Lack of proper coordination and isolated efforts continue to hinder the fight against unwanted pregnancies among teen girls and there is need for all stakeholders to revise ways to work together and end the vice.
The issue was raised by officials on Wednesday during a National Colloquium on ending teen pregnancies, organised by the Catholic Church’s Commission for Education (SNEC).
Teen pregnancies remain an issue where a large number of girls fall victim and drop out of school to endure life hardships as young mothers, among other issues.
Official statistics indicate that over 17,500 teen girls became pregnant in 2016 and the number remained almost constant the next year.
In addition to early parenthood, officials said the phenomenon affects the very fabric of the family and society leading to abortions, family conflicts, post-traumatic disorders, among others.
However, dealing with the issue to either curb or minimise the vice remains a challenge and officials said it would only be possible if all stakeholders had a common understanding and spoke same language on the matter.
According to Isaac Munyakazi, the State Minister for Primary and Secondary Education, there is incoherence regarding how messages are passed on to fight unwanted pregnancies.
He said that what schools teach is affected by the culture in society whereby some parents think it is inappropriate to talk about sexual reproduction with their children while at churches, they just stick to preaching abstinence and avoid other factors.
“We all need to speak the same language to curb unwanted pregnancies,” said the minister.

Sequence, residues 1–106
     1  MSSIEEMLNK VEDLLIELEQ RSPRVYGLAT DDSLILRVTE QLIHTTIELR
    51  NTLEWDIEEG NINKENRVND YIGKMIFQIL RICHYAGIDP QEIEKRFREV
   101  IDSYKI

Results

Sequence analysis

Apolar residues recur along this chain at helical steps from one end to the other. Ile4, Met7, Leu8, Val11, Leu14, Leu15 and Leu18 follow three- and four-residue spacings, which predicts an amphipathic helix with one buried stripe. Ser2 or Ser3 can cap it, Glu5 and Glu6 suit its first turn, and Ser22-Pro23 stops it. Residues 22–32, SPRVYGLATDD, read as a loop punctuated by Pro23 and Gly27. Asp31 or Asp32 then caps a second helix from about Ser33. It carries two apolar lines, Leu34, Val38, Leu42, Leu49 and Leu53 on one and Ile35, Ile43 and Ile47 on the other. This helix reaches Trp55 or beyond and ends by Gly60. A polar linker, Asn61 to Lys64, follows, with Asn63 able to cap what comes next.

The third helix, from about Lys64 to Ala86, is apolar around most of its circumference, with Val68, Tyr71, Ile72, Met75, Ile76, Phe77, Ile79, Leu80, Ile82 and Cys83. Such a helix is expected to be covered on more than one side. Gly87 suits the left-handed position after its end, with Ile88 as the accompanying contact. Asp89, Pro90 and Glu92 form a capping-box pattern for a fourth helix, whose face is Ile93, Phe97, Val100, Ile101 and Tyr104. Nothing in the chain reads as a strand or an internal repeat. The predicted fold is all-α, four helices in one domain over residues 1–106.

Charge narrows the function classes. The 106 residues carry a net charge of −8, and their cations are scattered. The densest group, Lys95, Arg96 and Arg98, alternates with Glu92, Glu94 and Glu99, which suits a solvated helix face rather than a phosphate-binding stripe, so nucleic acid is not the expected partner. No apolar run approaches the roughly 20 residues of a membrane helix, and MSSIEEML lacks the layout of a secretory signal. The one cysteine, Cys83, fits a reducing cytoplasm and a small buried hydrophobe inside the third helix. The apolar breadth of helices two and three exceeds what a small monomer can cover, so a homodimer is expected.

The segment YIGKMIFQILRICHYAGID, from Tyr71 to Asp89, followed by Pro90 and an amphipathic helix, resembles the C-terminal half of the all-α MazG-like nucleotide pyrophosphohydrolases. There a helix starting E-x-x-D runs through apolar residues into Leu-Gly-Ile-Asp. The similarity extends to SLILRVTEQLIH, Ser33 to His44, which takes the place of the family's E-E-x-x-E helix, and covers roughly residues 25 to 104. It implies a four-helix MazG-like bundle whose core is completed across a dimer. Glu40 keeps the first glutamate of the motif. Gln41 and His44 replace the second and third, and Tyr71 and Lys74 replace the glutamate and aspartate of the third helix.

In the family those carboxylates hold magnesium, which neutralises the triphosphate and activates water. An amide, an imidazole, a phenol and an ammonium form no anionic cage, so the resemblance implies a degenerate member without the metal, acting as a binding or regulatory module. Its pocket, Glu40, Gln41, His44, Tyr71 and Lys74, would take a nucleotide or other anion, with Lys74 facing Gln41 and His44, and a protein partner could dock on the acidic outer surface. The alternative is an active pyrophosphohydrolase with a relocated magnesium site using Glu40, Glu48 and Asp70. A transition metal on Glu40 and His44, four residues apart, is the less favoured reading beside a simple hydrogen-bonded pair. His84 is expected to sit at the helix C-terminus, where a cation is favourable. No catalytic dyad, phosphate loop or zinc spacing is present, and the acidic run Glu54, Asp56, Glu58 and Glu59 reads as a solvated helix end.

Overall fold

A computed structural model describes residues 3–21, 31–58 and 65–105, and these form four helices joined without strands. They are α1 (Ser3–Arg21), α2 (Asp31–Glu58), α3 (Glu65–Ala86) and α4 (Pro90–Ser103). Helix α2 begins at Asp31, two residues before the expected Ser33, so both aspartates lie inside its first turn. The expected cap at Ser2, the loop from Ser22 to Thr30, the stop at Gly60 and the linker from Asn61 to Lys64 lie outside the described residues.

“If we teach sexual reproductive education in schools but parents stick to the old culture and can hardly talk to their kids while the church preach not to commit adultery, then we can’t deal with this alarming issue,” he said
He added that the Ministry of Education was also aware that apart from unwanted pregnancies, there are also other diseases such as HIV/AIDS and other Sexually Transmitted Diseases.
“The government is keen on advocacy of abstinence but also looking for ways to protect young adolescences from unintended pregnancies,” he added.
He challenged the meeting to discuss pertinent issues and explore policies and challenges and design the way forward, adding that the Government was ready to adopt their recommendation.
He said that the issue of unwanted pregnancies should be looked from various angles unlike currently where more efforts are focused on teen girls.
“There is a tendency to focus on teen girls when it comes to encouraging them to avoid unintended pregnancies, even in schools you realise it is the same, this should stop and we need to engage males as well,” he said.
He said there are other key factors contributing to the rising number teen pregnancies that include technology, peer pressure, and limited knowledge on the matter.
According to Bishop Philippe Rukamba, the head of the Episcopal Conference of Catholic Bishops in Rwanda, while the Catholic Church does not support use of contraceptives, it fights teen pregnancies.
“You can’t just tell a kid to use contraceptives and condoms. If children become sexually active, they will grow with that culture; and, as Catholic Church, we say it is not a sustainable solution,” he said.
The viable solution would be to teach children to abstain. There is need for families and communities to encourage the youth to fight unwanted pregnancies. It is an issue of society and we all need to be on the same page,” he said.